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LED Driver delivers constant luminosity

Discussion in 'Beginner Electronics' started by Simon Dyer, Jun 16, 2004.

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  1. Simon Dyer

    Simon Dyer Guest

    I very much like the circuit by Israel Schleicher in EDN Jun 12 2003 for its
    ability to drive a 3.6 volt Superbright LED off a 1.2 to 1.5 volt cell with
    very minimal and inexpensive components. Since it pulses the LED, greater
    perceived brightness can be acheived at great efficiency. See

    According to the formula, changes to R, L or C could thoretically provide
    more current to the bright white LED - I am looking for 30ma average, but in
    practice I have not been able to acheive this.

    Can anyone tell me where I am going wrong? I would be happy to use three
    cells if it helped.

  2. Activ8

    Activ8 Guest

    By believing that pulsing an LED produces greater perceived
  3. Ban

    Ban Guest

    if the LED current should be 30mA average, then it has to be with 20% duty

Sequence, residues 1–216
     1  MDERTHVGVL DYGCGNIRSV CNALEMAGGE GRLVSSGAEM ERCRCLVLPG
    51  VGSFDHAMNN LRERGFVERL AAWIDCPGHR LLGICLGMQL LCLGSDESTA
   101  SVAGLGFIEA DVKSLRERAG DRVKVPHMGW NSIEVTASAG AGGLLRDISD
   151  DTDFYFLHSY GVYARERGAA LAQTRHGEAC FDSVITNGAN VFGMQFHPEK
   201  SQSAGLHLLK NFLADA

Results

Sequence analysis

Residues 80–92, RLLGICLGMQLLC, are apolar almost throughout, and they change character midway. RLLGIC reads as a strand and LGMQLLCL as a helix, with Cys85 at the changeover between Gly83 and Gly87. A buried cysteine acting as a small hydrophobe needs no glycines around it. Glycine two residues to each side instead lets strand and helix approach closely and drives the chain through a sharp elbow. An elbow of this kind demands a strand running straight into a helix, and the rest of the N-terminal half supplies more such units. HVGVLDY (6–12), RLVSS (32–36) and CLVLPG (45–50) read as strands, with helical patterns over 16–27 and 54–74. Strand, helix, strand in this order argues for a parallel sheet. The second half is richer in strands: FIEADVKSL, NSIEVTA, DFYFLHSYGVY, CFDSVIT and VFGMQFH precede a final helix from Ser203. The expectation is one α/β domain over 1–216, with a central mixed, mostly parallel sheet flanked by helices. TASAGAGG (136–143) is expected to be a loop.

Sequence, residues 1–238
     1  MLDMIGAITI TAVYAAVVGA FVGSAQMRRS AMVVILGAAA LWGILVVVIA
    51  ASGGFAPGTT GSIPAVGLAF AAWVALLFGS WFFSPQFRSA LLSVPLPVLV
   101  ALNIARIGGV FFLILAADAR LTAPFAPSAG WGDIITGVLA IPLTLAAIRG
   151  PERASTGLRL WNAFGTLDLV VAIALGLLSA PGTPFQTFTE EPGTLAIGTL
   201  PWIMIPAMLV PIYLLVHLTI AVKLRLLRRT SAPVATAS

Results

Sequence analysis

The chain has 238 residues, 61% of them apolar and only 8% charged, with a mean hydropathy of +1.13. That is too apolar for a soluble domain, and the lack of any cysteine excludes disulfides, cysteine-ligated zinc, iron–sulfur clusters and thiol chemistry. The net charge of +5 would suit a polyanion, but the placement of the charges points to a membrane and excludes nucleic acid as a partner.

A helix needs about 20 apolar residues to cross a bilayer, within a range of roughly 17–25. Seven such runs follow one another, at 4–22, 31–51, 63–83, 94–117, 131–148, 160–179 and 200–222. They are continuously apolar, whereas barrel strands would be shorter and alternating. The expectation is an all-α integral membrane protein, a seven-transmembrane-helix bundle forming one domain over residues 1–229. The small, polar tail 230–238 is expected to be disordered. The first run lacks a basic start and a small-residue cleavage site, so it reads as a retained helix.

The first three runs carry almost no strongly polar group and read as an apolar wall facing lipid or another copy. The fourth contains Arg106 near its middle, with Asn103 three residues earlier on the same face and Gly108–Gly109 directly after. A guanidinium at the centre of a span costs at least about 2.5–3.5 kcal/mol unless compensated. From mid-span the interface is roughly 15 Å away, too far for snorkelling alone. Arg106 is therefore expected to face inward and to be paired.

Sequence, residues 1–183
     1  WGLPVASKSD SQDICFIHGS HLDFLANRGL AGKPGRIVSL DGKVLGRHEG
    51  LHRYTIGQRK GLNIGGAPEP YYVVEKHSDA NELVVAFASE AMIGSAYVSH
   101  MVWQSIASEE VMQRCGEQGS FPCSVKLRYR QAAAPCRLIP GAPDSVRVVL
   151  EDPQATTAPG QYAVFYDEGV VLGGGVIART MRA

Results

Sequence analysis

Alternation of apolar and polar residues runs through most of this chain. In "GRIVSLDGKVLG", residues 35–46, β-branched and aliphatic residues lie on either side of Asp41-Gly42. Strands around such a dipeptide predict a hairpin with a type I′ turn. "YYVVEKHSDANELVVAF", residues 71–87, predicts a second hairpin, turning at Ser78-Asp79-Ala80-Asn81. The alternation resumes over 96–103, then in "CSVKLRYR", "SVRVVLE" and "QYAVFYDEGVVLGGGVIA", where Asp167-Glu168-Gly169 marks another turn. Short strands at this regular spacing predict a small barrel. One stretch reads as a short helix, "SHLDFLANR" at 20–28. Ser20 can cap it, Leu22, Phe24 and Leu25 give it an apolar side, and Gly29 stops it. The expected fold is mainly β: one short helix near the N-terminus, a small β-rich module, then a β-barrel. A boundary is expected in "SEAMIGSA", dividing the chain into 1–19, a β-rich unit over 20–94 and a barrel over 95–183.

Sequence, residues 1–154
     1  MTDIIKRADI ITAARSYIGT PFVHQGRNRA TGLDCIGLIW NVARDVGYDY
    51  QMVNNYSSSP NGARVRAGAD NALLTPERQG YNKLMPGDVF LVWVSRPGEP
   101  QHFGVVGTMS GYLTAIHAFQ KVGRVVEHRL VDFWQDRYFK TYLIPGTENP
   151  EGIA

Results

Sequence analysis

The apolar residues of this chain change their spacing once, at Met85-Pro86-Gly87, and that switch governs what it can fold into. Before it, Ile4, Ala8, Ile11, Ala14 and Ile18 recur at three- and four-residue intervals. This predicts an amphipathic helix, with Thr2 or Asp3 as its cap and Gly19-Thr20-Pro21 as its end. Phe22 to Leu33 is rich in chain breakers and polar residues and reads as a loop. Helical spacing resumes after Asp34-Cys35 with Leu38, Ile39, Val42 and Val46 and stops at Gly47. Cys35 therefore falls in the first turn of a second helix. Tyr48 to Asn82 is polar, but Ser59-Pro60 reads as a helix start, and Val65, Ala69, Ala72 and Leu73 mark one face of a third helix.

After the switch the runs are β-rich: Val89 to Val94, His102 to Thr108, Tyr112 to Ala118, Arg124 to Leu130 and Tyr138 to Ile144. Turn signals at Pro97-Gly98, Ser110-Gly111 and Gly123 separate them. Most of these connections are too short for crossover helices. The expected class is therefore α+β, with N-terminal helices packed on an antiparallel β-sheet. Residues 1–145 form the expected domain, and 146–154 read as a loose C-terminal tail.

cycle(which is varying with battery voltage) 150mA. For this kind of current
    the right transistor should be something like a BC337 with more current gain
    at high currents. The inductor probably needs to be of bigger size and less
    inductivity too and you can try to solve the equation given, which IMHO is
    too simplified. The best would be to simulate the circuit with the free
    I think the first article gives a better circuit, in the pdf the connections
    to the driver transistor are not drawn or got lost in some pdf-conversion,
    but it is clear where they go.
  4. Simon Dyer

    Simon Dyer Guest

    Thanks for the practical response Ban.
    I'm not up with Spice models, but will try swapping out Q2.
    Can you suggest values for the inductor?
  5. Tam/WB2TT

    Tam/WB2TT Guest


    If all else fails, try this: 3 AA batteries in series with 10 Ohm resistor
    (for current limiting) and 50 Ohm potentiometer (connect to 2 terminal only)
    to LED. 30 ma corresponds to the potentiometer at about the center of its

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